Can Electricity Be Used on the Jewish Shabbat?
By: Michael Yadegari on Oct 06, 2013 10:20:00 PM

Michael Yadegari
August 21, 2009
Jewish Law 


Can Electricity Be Used on the Jewish Shabbat?


Electricity is one of newest and most used discoveries of the 21th century. Due to the fact that it is a newly discovered force it is hard to uncover whether it is truly not allowed to be used Shabbat since the Torah does not mention that it is forbidden to use electricity on Shabbat. This brings us to use outside sources such as the Mishna and the Talmud and other reasoning to find out whether it is forbidden to use electricity on Shabbat. Using these sources, the rabbis have argued for why it is not allowed for one to use electricity on the Shabbat. Though these arguments are interesting, they are rebutted. Through compromise using the scope of the Torah and the understanding of today’s modern society there can be a solution to this religious dilemma.


I.          What is Electricity?

Before we get into the discussion of various rabbis bring for why electricity is not allowed on Shabbat, we need to first explain what electricity is. According to the Energy Information Administration (EIA), “electricity is a flow of electric power or charge. It is a secondary energy source which means that we get it from the conversion of other sources of energy, like coal, natural gas, oil, nuclear power and other natural sources, which are called primary sources.” From these sources the moving electrons transmit electrical energy from one point to another through wires or other electrical conductors.


II.        Theories why electricity is not allowed on Shabbat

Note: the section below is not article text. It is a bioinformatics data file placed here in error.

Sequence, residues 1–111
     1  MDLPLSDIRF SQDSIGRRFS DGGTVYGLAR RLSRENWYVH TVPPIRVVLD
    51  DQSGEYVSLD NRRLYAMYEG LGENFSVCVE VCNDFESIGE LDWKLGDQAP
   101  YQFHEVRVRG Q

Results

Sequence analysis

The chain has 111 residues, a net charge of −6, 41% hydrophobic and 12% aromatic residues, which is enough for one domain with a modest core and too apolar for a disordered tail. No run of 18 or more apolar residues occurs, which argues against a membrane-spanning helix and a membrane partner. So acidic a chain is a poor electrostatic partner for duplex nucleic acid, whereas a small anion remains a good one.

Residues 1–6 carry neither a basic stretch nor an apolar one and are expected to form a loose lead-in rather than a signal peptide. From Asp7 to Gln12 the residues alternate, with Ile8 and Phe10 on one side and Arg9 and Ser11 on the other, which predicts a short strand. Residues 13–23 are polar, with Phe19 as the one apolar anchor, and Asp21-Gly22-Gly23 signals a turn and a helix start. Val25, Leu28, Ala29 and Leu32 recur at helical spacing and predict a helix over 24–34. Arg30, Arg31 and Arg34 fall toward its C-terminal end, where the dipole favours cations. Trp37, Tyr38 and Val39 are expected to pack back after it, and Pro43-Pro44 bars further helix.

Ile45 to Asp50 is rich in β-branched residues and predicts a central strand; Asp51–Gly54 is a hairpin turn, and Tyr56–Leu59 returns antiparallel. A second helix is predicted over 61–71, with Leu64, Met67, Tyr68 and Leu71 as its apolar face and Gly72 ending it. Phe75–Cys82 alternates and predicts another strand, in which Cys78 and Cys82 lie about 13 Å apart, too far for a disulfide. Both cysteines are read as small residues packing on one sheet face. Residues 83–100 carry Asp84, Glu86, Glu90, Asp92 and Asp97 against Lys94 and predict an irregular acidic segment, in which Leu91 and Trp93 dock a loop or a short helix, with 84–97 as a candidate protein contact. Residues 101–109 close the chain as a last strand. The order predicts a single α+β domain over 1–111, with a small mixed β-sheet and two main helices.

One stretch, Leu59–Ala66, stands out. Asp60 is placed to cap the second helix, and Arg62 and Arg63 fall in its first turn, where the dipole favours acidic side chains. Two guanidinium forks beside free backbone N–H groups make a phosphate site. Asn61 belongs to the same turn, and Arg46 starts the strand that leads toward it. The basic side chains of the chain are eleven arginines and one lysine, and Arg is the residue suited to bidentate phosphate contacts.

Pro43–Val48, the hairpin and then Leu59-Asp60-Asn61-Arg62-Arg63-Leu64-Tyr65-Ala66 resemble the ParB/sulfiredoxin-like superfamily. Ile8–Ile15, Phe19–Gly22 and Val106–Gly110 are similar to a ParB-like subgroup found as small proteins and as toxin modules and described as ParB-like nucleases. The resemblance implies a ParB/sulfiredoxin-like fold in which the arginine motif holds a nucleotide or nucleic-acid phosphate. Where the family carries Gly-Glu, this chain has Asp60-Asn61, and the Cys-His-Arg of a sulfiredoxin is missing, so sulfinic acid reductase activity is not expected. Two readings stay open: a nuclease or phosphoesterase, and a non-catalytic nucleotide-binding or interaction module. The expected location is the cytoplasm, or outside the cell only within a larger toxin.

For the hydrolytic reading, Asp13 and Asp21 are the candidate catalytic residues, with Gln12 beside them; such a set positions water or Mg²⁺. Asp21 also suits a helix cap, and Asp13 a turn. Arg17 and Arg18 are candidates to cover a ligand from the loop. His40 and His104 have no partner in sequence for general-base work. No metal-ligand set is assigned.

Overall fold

In this part of the article it will address speak the two main uses of electricity and how the rabbis argument for and against that particular use. The two main uses of electricity are turning on or off and raising or dimming an incandescent light and uses of electricity where no heat is produced.  Afterwards, it will speak on the uses of electricity in certain appliance, using electricity on a Jewish holiday and why a timer is allowed to be used on Shabbat.   


A.   Reasoning forbidding the turning on and off of an incandescent light

The rabbis use the Mishna, Shabbat 41a and the Talmud of Yoma 34b to explain why incandescent lights are not allowed on the Shabbat. The Mishnah writes “One who heats a metal pot [literally, a boiler] may not pour cold water into it to heat it; however, one may pour water into the pot or a cup in order to temper it.” (Article) The Talmud which is the commentary on the Mishnah in Yoma 34b states that if the High Temple Priest had a problem immersing himself in a cold Mikva (a spiritual cleansing bath) then iron bars were heated prior to Yom Kippur and placed into the Mikvah in order to warm up the Mikvah. The Maggid Mishneh (commenting on Rambam Hilchot Shabbat 12:1) points out that if the Talmud regarded heating a metal as only a rabbinic level prohibition, it would have allowed the heating the metal rods on Yom Kippur to heat up the Mikvah. ( However, there is a problem with this opinion because previously fire was used and fire is directly forbidden on Shabbat by the Torah. And because fire is forbidden on Shabbat it would be forbidden for one to directly use the fire in order to heat up a rod for its use on Shabbat. In addition to this, it is forbidden to heat up water on Shabbat because the torah forbids any cooking on Shabbat so it could be that the rabbis didn’t allow the metal rod to be placed in the water for the reason that it would “cook” the water thus it was made forbidden to put a metal rod into the fire because one would intend to use it to heat up the water. Furthermore, it does not state anything about heating a metal rod for the use of light, thus this argument the rabbis made is still flawed.